Want happiness? Seek experiences

“Blogrolling” the other day, I happened upon experience designer Andrë Braz’s Experience Design Manifesto, a cute, insightful (if not a little Bohemian) piece that began, “The ultimate aim of all creative activity is to bring happiness to people’s lives.”

Where happiness is defined as an emotion that results from positive experiences existing in the past, present and the future, it also takes the form of memories, connections or desires to re-live. The past offers up memories that we re-live in the present and desire for the future; present experiences form a holistic connection to the mind that focuses on the flow of now, and the idea of the future forces desire to the present, founded upon the principle that future experiences have latent potential.

The end result? Happiness lies within the experience itself rather than in the result of the experience. And with this interpretation, the desires of the future influence the memories of the past in ways that change the present.

Experiences do not necessarily exist only in reality; in fact, reality and fantasy can work to empower each other in a way that is more powerful than a simple summing up of the resultant separate experiences.

Therefore, the more immersive and sensorial the experience, the stronger it will speak to the mind. And here we’re not talking about a good lump of lorem ipsum text, which tends to not get read regardless of how pointed it may be. People are attracted to images and stories and the images that stories present because they are relatable, which makes them credible.

A story is not merely a collection of text: a story boils down to the forms and images the brain constructs in recognition of words on a page (or screen). And passion of presentation adds to the mix.

A passionless presentation added to un-relatable filler text does not equate to great appeal; in fact, if forced (i.e. when reading a boring textbook), this lack of connection can almost bring on a sense of fight-or-flight and bode negatively for the future. When presented with a deluge of something complex, a person will first and foremost search for and analyze the directly apparent key components.

According to Harvard psychologist Daniel Gilbert, “The moment we encounter an object, our brains instantly analyze just a few of its key features and then use the absence or presence of its key features to make one very fast and very simple decision: is this object an important thing to which I ought to respond right now?” There is definitely something to be said about simplicity in this day and age as our fixation on postmodernism pervades.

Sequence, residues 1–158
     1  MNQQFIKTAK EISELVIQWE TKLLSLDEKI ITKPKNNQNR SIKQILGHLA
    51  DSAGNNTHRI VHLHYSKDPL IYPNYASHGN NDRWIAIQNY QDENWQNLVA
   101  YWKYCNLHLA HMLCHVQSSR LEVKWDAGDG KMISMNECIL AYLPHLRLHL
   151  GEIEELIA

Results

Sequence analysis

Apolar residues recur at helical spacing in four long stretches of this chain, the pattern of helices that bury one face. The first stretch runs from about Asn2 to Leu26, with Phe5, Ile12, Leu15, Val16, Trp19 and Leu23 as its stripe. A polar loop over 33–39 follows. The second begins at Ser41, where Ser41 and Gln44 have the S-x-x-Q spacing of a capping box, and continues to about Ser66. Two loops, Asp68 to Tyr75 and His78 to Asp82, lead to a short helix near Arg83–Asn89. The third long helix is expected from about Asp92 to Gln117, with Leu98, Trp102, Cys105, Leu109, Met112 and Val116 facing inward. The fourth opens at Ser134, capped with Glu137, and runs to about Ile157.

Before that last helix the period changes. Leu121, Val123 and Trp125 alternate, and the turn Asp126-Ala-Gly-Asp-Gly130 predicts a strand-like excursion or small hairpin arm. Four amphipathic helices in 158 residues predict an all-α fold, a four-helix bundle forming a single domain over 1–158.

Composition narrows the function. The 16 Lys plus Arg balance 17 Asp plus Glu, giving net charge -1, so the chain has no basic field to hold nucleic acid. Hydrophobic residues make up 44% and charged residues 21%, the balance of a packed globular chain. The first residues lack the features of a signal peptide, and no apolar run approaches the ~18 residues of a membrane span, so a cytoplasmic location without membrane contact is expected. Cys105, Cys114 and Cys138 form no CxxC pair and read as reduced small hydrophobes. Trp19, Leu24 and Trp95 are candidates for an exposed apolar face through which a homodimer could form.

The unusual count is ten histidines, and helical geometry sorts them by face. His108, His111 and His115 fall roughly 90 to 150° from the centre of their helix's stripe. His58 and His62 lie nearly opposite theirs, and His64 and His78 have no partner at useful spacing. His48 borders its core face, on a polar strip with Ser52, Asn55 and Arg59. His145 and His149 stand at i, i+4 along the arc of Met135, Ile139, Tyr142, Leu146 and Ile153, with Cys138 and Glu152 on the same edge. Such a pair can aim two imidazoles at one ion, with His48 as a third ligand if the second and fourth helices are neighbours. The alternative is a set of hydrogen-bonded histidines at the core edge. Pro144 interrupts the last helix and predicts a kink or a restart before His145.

Success of experience is measured not by its separate, individual qualities, but rather by the completeness in its ability to bring happiness, fulfillment or enjoyment to life and the desire to live or re-live it, kind of like a movie. Its success is contingent upon its box office record (the enjoyment it brings) regardless of whether or not it wins any awards for individual aspects of the film’s production.

Braz’s tenants can and should be applied to today’s sciences and technologies in more than just an objective sense. In this manner, artists can be considered no different than scientists and innovators. In the words of Walter Gropius, “The artist is an exalted craftsman.”

Just because measuring the happiness of a new product, layout design, etc. tends to be subjective and intangible does not mean that experience is an inconsequential side effect of a well-made thing. Take the iPhone: even though it has functional flaws (it is lacking, I promise!), people love it because of its design and its ability to bring a sense of happiness, regardless of why. It really is as simple as, “It makes me happy to use. I like it.”

I just read an article about the resignation of Yahoo!’s Jerry Yang. While Yahoo! was huge in its day, it over-emphasized usability to the detriment of user experience; it remained bogged down with advertisements and text, while little Google drove a simple page design, utilizing a colorful logo, a search field and tiny ads that neither detracted from presentation nor usability.

If something brings enjoyment, it is not by chance. The success of a product should not be attributed to sheer serendipity. To attribute success to luck is to acknowledge failure in process, and through this, challenge, purpose and drive are destroyed, making us all more tolerant to mediocrity and stagnation.